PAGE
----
Some older patients with depression, anxiety, or insomnia may be reluctant to turn to pharmacotherapy and may prefer psychotherapeutic treatments.1 Evidence has established cognitive-behavioral therapy (CBT) as an effective intervention for several psychiatric disorders and CBT should be considered when treating geriatric patients (Table 1).2
Indications for CBT
|Mild to moderate depression. In the case of severe depression, CBT can be combined with pharmacotherapy|
|Anxiety disorders, mixed anxiety states|
|Insomnia—both primary and comorbid with other medical and/or psychiatric conditions|
|CBT: cognitive-behavioral therapy|
Research evaluating the efficacy of CBT for depression in older adults was first published in the early 1980s. Since then, research and application of CBT with older adults has expanded to include other psychiatric disorders and researchers have suggested changes to increase the efficacy of CBT for these patients. This article provides:
- an overview of CBT’s efficacy for older adults with depression, anxiety, and insomnia
- modifications to employ when providing CBT to older patients.
The cognitive model of CBT
In the 1970s, Aaron T. Beck, MD, developed CBT while working with depressed patients. Beck’s patients reported thoughts characterized by inaccuracies and distortions in association with their depressed mood. He found these thoughts could be brought to the patient’s conscious attention and modified to improve the patient’s depression. This finding led to the development of CBT.
CBT is based on a cognitive model of the relationship among cognition, emotion, and behavior. Mood and behavior are viewed as determined by a person’s perception and interpretation of events, which manifest as a stream of automatically generated thoughts (Figure).3 These automatic thoughts have their origins in an underlying network of beliefs or schema. Patients with psychiatric disorders such as anxiety and depression typically have frequent automatic thoughts that characteristically lack validity because they arise from dysfunctional beliefs. The therapeutic process consists of helping the patient become aware of his or her internal stream of thoughts when distressed, and to identify and modify the dysfunctional thoughts. Behavioral techniques are used to bring about functional changes in behavior, regulate emotion, and help the cognitive restructuring process. Modifying the patient’s underlying dysfunctional beliefs leads to lasting improvements. In this structured therapy, the therapist and patient work collaboratively to use an approach that features reality testing and experimentation.4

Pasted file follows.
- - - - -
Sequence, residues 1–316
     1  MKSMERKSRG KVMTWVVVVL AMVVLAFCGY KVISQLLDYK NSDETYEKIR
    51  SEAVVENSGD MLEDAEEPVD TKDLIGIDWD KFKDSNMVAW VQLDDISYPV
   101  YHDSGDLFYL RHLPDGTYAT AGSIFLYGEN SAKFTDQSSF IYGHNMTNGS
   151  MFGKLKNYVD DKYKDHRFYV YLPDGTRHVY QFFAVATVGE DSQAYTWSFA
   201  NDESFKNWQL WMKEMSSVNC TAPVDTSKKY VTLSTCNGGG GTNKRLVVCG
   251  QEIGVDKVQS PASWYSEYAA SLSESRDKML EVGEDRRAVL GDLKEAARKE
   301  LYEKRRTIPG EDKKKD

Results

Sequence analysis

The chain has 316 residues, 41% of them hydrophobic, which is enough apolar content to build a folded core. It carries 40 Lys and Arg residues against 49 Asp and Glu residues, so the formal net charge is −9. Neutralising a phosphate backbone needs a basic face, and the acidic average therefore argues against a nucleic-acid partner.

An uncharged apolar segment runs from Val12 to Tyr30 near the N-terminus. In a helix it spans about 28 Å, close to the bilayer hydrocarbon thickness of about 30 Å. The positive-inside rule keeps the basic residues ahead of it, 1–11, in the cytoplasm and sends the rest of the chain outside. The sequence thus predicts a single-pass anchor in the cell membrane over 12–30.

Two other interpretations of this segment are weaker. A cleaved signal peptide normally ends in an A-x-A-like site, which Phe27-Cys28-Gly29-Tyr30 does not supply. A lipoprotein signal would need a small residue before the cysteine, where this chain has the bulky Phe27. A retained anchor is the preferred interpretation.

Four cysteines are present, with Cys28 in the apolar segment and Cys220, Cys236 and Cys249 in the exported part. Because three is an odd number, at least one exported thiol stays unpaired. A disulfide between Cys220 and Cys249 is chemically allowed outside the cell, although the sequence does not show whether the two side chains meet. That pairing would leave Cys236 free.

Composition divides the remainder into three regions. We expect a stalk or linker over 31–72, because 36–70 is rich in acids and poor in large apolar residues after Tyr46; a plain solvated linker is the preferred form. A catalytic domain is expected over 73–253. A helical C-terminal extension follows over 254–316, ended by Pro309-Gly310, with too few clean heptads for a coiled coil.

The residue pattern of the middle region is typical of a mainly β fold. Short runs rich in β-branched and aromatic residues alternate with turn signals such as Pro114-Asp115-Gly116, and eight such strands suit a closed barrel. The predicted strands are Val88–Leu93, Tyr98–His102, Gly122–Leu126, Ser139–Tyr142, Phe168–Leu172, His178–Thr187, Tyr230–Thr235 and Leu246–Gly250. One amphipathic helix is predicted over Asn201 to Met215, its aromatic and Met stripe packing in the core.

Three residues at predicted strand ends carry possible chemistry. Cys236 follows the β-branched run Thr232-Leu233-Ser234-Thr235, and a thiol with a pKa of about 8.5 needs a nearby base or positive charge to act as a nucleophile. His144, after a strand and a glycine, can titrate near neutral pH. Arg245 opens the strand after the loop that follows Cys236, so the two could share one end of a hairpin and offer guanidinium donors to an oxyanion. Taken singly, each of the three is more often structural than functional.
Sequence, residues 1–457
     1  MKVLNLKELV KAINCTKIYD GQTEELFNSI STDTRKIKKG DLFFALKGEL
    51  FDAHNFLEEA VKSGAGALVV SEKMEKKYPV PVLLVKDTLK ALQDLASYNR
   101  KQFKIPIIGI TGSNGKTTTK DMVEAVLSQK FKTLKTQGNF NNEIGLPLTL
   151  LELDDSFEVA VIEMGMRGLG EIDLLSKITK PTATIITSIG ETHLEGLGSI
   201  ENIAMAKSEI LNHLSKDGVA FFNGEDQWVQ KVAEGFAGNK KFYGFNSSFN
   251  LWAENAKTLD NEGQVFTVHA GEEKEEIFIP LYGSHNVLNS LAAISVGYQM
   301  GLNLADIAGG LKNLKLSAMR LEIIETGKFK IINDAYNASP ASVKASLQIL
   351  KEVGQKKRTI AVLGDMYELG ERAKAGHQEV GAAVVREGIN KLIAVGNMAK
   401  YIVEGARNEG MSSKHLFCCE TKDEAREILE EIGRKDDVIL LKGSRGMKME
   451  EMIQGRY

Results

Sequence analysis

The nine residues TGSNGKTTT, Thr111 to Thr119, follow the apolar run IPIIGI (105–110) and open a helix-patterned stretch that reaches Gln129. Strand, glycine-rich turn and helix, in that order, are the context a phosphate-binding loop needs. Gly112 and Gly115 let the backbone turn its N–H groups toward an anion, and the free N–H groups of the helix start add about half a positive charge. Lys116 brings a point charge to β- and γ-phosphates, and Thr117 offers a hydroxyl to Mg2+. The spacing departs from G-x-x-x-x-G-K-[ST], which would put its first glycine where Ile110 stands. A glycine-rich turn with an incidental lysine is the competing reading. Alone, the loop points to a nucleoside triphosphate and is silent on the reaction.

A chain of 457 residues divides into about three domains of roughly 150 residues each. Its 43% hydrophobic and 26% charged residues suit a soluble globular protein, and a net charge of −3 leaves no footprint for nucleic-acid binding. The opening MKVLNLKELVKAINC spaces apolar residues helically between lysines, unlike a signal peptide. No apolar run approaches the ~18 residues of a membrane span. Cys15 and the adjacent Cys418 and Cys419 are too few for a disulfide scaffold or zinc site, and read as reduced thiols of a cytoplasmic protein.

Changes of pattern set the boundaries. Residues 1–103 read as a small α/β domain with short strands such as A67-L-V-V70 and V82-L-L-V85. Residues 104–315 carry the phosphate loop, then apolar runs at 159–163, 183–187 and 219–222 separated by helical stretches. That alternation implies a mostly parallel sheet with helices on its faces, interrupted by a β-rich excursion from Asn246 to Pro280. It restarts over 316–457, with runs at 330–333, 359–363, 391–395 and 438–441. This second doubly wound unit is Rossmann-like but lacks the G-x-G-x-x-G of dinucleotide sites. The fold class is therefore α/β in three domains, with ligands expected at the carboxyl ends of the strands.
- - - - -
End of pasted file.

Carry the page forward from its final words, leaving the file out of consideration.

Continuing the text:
The cognitive model of CBT
CBT: cognitive-behavioral therapy
Source: Adapted from reference 3
Indications for CBT in older adults
Depression. Among psychotherapies used in older adults, CBT has received the most research for late-life depression.5 Randomized controlled trials (RCTs) have found CBT is superior to treatment as usual in depressed adults age ≥60.6 It also has been found to be superior to wait-list control7 and talking as control.6,8 Meta-analyses have shown above-average effect sizes for CBT in treating late-life depression.9,10 A follow-up study found improvement was maintained up to 2 years after CBT, which suggests CBT’s impact is likely to be long lasting.11
Thompson et al12 compared 102 depressed patients age >60 who were treated with CBT alone, desipramine alone, or a combination of the 2. A combination of medication and CBT worked best for severely depressed patients; CBT alone or a combination of CBT and medication worked best for moderately depressed patients.
CBT is an option when treating depressed medically ill older adults. Research indicates that CBT could reduce depression in older patients with Parkinson’s disease13 and chronic obstructive pulmonary disease.14
As patients get older, cognitive impairment with comorbid depression can make treatment challenging. Limited research suggests CBT applied in a modified format that involves caregivers and uses problem solving and behavioral strategies can significantly reduce depression in patients with dementia.15
Anxiety. Researchers have examined the efficacy of variants of CBT in treating older adults with anxiety disorders—commonly, generalized anxiety disorder (GAD), panic disorder, agoraphobia, subjective anxiety, or a combination of these illnesses.16,17 Randomized trials have supported CBT’s efficacy for older patients with GAD and mixed anxiety states; gains made in CBT were maintained over a 1-year follow-up.18,19 In a meta-analysis of 15 studies using cognitive and behavioral methods of treating anxiety in older patients, Nordhus and Pallesen16 reported a significant effect size of 0.55. In a 2008 meta-analysis that included only RCTs, CBT was superior to wait-list conditions as well as active control conditions in treating anxious older patients.20
However, some research suggests that CBT for GAD may not be as effective for older adults as it is for younger adults. In a study of CBT for GAD in older adults, Stanley et al19 reported smaller effect sizes compared with CBT for younger adults. Researchers have found relatively few differences between CBT and comparison conditions—supportive psychotherapy or active control conditions—in treating GAD in older adults.21 Modified, more effective formats of CBT for GAD in older adults need to be established.22 Mohlman et al23 supplemented standard CBT for late-life GAD with memory and learning aids—weekly reading assignments, graphing exercises to chart mood ratings, reminder phone calls from therapists, and homework compliance requirement. This approach improved the response rate from 40% to 75%.23